Managing highways

Managing our highways for butterflies, not pesticides

by Sylvia Fallon – May 8, 2014

With news that the number of monarch butterflies is plummeting due to the use of herbicides in agriculture, people have been looking for alternative habitats to restore the butterflies’ host plant, milkweed.  NRDC has partnered with Monarch Watch to help plantmilkweed at schools and non-profits all over the US.  However, given the extent of the loss of milkweed that has occurred, we would like to see an even larger effort to restore milkweed across hundreds of thousands of acres. One great opportunity for this would be to get milkweed planted along roadsides – in a sense this would create a “butterfly highway” for the monarchs to follow as they migrate from Mexico across the entire US to Canada and then back.

The only problem is that roadsides are currently heavily managed with the use of herbicides as well as mowing – both of which would interfere with milkweed growth.  Earlier this spring, NRDC filed a petition with EPA asking them to review the registration of glyphosate (the active ingredient in Roundup) as well as other herbicides in light of their impact on monarch butterflies and we are calling on EPA to impose restrictions on the use of herbicides to allow for areas where milkweed – the plant that monarchs need to reproduce – can grow.  In researching the use of glyphosate for this petition we discovered that its use in agriculture is well documented, but its use elsewhere – including roadsides – is not well tracked.  And yet we know that roadside managers regularly use glyphosate and other herbicides to manage vegetation.  In fact, a quick review shows that many states are approved to use more than 20 different herbicides in addition to mowing.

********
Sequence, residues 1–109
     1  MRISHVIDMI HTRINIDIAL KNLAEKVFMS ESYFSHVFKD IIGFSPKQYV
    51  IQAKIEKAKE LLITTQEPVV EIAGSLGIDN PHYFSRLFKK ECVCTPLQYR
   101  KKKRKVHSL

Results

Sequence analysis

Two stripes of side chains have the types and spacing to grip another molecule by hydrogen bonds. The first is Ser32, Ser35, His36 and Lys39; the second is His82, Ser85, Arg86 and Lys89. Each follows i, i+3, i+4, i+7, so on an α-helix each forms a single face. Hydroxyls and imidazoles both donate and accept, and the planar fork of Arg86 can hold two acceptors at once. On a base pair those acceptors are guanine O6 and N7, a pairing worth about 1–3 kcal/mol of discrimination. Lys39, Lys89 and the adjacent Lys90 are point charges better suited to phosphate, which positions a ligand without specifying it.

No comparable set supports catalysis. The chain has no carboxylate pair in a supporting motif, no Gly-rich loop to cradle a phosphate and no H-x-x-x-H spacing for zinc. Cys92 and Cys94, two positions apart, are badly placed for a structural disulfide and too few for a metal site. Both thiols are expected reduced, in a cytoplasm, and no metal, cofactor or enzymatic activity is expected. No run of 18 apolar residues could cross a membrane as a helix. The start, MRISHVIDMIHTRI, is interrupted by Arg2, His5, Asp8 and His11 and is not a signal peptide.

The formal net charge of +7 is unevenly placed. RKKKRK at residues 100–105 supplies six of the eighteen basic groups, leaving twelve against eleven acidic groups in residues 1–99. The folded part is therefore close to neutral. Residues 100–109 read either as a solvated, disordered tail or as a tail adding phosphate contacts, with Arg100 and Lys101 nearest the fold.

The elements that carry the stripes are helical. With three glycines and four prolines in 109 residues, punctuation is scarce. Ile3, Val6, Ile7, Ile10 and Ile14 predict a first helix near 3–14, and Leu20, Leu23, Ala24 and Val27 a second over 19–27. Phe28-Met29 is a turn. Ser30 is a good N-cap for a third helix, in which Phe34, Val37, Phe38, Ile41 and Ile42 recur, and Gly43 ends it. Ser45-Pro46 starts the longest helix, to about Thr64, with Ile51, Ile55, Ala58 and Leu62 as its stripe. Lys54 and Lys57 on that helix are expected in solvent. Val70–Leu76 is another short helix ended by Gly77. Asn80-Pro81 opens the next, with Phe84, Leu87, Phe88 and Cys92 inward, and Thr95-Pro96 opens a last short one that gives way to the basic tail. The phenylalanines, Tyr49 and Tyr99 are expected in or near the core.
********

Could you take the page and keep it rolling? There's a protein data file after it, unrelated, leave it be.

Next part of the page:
If we are going to be able to transform our roadsides into habitat for monarchs and other pollinators we will need a radical change from the current status quo for roadside management.  But first, we will need to know more about how each state is currently managing their roadside vegetation.  Many of these decisions are made in a patchwork way at the level of counties and municipalities so getting a clear picture of management at the state level can be tricky.  This is why NRDC recently filed Freedom of Information Act requests to various states along the migratory path of the monarch butterfly asking for an accounting of their roadside management practices including their use of herbicides and their mowing practices.  We plan to use this information to help us devise a strategy for converting roadsides that are currently heavily managed with herbicides and mowing into butterfly highways for monarchs and other pollinators.

To support efforts to plant milkweed, see our Monarch Green Gift.

 Monarch butterfly

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